Posted by R.Henry | Report as abusive

How do I access approval statistics – particularly for my own posts? I can’t seem to get access to anything.

I do agree with some of the commentators here that there is a risk of Reuters refusing approval of comments that disagree with their bias.

Posted by ActionDan | Report as abusive

Perhaps a more fair system (rather than Reuters approving each comment) would be one that allows readers to rate the comments that are added to articles.

Posted by ActionDan | Report as abusive

I respectfully disagree with this policy. Part of a free press is to present all sides. If someone does go off-topic or is abusive i can see a warning, a suspension and then expulsion, but not fiat censorship.

Mr. Reuters would be displeased.

Posted by ComputerExpert | Report as abusive

I do not see a problem with Reuters’ policy. They are a private business and they are not forcing you to read their articles or make comments. If you do not agree with their policy, you have the absolute freedom to read articles and comment somewhere else.

Posted by TinyLee | Report as abusive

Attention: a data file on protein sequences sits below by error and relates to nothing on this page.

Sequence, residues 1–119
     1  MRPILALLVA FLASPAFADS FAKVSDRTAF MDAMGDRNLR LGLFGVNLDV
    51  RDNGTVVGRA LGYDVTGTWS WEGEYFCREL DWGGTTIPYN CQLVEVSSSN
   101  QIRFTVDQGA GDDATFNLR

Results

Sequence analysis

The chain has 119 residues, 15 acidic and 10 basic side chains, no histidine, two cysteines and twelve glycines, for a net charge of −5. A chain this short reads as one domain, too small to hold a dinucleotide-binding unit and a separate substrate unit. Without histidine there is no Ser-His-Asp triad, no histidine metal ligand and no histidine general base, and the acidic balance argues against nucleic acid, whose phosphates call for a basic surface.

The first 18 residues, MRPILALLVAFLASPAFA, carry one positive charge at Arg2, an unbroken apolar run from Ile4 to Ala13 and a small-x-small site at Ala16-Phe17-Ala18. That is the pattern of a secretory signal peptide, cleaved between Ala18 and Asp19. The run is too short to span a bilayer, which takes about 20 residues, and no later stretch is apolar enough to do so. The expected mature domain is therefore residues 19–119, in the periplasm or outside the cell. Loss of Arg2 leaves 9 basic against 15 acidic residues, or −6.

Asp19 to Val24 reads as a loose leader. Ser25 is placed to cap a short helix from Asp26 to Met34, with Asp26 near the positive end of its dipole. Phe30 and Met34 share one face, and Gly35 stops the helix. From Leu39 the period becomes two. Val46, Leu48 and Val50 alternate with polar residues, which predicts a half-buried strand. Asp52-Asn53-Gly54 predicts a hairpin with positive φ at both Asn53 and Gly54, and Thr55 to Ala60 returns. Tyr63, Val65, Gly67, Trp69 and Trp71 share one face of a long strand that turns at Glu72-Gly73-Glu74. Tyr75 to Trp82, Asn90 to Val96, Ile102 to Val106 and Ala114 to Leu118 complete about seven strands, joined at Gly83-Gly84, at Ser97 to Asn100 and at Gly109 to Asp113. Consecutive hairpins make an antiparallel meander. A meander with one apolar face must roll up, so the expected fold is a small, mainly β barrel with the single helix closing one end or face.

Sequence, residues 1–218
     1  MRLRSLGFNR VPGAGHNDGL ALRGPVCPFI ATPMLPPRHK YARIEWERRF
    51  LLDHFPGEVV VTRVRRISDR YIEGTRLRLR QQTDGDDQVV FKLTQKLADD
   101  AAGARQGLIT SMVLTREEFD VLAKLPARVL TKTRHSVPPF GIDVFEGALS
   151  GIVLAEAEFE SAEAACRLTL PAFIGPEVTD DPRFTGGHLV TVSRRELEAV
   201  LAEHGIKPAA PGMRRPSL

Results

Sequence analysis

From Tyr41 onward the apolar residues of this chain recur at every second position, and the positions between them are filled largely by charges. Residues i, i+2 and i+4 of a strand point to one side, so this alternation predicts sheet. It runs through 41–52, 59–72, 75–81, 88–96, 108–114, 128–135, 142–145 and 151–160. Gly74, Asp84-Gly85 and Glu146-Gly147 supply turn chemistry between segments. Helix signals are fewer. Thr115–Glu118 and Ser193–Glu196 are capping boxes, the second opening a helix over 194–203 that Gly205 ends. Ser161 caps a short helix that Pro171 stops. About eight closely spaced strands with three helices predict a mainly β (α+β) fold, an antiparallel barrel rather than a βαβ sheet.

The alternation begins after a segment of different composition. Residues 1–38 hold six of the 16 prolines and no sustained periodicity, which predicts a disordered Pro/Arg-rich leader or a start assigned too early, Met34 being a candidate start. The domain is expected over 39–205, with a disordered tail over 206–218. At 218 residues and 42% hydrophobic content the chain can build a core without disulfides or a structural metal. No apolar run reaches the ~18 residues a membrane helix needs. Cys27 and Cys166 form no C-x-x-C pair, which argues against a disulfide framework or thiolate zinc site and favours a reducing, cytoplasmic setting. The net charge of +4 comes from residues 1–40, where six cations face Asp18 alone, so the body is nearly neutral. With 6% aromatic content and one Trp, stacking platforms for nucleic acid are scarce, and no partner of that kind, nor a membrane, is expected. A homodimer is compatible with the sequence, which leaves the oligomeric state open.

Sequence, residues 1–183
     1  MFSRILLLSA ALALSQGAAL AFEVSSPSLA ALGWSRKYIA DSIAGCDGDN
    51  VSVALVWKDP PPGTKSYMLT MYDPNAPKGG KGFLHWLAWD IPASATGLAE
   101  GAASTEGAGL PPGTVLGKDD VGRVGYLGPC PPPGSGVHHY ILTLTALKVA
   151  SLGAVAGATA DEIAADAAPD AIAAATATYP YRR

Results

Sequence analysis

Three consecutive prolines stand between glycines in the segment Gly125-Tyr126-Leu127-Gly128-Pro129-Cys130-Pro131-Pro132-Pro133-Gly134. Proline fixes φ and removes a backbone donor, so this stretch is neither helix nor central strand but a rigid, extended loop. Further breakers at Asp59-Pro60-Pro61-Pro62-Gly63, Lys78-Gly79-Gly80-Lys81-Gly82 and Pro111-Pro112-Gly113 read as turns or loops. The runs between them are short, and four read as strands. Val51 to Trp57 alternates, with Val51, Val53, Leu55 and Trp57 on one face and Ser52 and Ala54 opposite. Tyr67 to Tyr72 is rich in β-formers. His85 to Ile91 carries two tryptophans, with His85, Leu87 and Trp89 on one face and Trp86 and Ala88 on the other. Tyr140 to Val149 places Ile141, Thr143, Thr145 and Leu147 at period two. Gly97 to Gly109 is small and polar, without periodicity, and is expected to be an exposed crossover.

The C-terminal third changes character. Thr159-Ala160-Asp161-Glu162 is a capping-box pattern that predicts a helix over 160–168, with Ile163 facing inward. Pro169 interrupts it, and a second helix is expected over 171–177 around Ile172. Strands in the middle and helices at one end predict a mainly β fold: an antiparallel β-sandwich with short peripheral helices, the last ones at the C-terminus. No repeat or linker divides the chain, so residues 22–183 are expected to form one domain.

moderators are censors, let’s not be disingenuous. You would be better served with modeling intellectual integrity by being more forthright about your position.

By the way, I do not think it is indefensible. I think you can make a reasonable case for censorship on a forum based on a clear cut criteria that is designed to support the expression of divergent perspectives in the most respectful manner possible.

I suspect that Reuters (which btw has a very public history of bias in regards to content) is more than likely using the opportunity to filter out the contributions that do not support the status quo of Reuter’s owners. Like any substantial questions or concerns nuclear power, for example, or armament production and sales all around the world.

Posted by 33SBT33 | Report as abusive

Reuters is undoubtedly one of the best news sources the west has. Keep up the good work, and be brave. The world desperately needs to be kept informed as we head into the social and economic maelstrom.

Posted by Tiu | Report as abusive

committing to the full and effective dissemination of news, facts and social ephemera that creates our ‘living society’ should include all hints and reaction of those who can and do actually read what is written.

comment creator’s are seeking link to the world, their own and others, via the many commercialized news outlets (crafted by scholarly and seasoned writers) as well as the heady and often raw comments of readers alone.

do not expect Puritanism, cleansed comments unless you are willing to exclude (and offend) a bulk of readers who’s only real participation in nation-making may be a few words uttered (written) in response to another.